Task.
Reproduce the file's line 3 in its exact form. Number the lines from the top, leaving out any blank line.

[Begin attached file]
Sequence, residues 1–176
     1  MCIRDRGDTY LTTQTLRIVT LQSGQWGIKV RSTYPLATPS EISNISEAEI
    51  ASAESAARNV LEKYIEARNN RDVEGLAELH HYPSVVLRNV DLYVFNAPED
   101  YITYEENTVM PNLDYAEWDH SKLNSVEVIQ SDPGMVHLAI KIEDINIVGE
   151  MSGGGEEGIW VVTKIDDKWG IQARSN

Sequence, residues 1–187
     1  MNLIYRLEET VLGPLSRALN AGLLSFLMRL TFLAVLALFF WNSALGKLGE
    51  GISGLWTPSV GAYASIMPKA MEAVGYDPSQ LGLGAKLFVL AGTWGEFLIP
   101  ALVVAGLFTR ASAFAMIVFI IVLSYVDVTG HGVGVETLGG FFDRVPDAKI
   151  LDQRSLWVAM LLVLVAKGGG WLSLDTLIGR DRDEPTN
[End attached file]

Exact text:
    51  ASAESAARNV LEKYIEARNN RDVEGLAELH HYPSVVLRNV DLYVFNAPED